The small “white cents”, so-called because of their light color compared to that of the older large cents, had at first escaped the hoarding of coins that came with the Civil War. But by 1862, in spite of the production of millions of the coins, the cent had also disappeared from circulation, joining the silver and gold coins already in hiding.
In the absence of federal coinage, entrepreneurs issued cent-sized bronze tokens, redeemable for services and merchandise from issuing businesses. In 1864, the year of Abraham Lincoln’s reelection and Union victories at Cold Harbor, Atlanta, and the Shenandoah Valley that changed the direction of the war in favor of the North, officials at the United States Mint revised the Indian Head cent, copying the look and feel of these popular and readily accepted tokens.
The new design was basically the same, but the composition changed from copper-nickel to bronze (copper, tin, and zinc). Though the copper content was higher (increasing from 88% to 95%), the cent no longer contained the expensive nickel alloy that likely contributed to the previous hoarding. The bronze cent was also darker in color because of the higher copper content, about a gram-and-a-half lighter, less expensive to make, and easier to strike because the coins no longer contained the hard nickel metal. The public accepted the new cents, which finally began to freely circulate.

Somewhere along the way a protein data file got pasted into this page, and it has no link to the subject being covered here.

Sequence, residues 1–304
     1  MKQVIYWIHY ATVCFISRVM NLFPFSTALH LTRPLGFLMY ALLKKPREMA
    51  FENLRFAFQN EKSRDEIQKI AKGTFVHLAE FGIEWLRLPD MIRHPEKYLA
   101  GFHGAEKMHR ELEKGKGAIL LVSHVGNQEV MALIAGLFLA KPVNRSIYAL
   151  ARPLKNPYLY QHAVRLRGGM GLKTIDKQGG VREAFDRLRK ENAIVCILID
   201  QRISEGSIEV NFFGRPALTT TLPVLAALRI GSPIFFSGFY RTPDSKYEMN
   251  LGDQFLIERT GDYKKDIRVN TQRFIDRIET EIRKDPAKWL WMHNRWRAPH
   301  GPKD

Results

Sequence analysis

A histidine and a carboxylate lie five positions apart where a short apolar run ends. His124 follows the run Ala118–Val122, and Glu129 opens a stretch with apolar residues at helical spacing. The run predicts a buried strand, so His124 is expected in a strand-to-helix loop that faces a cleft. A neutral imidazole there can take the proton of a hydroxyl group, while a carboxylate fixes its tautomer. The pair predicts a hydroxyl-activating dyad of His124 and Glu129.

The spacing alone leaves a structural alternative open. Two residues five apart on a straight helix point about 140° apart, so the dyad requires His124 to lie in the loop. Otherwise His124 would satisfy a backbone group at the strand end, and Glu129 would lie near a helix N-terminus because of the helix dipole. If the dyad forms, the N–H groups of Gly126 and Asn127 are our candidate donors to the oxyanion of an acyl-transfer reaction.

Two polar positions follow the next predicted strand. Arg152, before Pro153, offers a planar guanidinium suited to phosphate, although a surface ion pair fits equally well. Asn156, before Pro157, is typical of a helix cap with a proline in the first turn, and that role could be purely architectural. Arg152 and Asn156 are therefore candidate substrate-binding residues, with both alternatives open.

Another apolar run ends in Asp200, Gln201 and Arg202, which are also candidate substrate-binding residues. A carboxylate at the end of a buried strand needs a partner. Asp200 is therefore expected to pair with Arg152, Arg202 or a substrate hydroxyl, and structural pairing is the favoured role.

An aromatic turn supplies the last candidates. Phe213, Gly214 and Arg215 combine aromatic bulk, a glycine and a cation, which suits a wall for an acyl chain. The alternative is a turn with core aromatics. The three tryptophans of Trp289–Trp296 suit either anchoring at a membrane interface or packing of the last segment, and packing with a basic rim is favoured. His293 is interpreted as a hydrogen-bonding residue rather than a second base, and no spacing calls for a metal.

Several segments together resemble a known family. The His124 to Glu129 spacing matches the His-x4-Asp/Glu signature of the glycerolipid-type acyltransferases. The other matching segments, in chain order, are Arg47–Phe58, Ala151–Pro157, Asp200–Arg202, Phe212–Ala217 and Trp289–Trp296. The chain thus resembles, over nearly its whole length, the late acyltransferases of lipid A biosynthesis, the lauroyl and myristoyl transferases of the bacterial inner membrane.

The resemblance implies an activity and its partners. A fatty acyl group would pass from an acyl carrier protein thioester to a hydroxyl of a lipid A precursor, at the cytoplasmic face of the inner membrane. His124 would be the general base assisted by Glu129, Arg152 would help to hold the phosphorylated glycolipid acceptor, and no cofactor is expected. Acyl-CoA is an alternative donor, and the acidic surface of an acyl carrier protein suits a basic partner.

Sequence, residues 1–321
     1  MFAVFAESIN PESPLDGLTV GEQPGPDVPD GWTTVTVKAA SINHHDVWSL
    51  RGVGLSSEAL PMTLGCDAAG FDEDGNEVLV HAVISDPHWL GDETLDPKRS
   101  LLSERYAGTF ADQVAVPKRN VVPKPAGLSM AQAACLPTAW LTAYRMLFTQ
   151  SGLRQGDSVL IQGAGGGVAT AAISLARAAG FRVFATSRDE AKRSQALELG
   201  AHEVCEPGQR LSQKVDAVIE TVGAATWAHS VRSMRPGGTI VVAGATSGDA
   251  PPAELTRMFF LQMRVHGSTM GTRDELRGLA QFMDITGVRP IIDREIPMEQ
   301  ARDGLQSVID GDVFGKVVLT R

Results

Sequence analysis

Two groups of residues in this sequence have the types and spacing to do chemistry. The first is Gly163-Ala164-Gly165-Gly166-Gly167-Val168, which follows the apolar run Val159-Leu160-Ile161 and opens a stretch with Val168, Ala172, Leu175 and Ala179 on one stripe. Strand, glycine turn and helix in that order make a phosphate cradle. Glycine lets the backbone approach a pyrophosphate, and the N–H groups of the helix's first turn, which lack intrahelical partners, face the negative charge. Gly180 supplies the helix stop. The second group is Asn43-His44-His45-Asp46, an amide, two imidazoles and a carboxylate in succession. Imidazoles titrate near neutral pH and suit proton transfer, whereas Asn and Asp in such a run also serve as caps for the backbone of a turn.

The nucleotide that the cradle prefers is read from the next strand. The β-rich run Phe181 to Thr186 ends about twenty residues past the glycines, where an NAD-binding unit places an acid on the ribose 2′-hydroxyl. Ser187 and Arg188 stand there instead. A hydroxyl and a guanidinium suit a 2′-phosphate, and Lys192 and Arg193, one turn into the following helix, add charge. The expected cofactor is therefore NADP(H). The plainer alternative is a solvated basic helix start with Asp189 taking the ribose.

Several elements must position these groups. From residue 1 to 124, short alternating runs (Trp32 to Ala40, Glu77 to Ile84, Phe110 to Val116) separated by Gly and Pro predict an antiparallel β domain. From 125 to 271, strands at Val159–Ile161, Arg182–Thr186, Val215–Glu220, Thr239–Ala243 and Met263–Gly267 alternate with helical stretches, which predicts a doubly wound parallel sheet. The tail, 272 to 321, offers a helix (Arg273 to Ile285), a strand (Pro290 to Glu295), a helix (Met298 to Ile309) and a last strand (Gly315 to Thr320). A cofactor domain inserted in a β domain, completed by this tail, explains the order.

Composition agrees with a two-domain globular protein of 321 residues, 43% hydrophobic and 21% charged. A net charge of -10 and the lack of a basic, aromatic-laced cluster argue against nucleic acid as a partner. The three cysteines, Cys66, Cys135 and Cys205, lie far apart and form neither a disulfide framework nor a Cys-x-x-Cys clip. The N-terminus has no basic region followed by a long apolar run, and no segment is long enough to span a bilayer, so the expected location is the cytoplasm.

Cents with both copper-nickel and bronze were produced in 1864, but nearly three times more of the new bronze cents were made. Only two issues of the series, 1877 and 1909-S, saw production drop below one million coins, and in 1907 over 100 million pieces were produced.
Thousands of business strike bronze Indian Head cents have been certified, usually with red (RD), red-brown (RB), and brown (BN) color designations, though very few are classified as prooflike. Prices are moderate for most dates up to Near-Gem, but even Premium Gem and finer coins are relatively affordable for many dates. Most expensive are the 1873 Double LIBERTY, the 1877 (long considered a key date), and the 1888/7 overdate.
1877 Indian Head Cent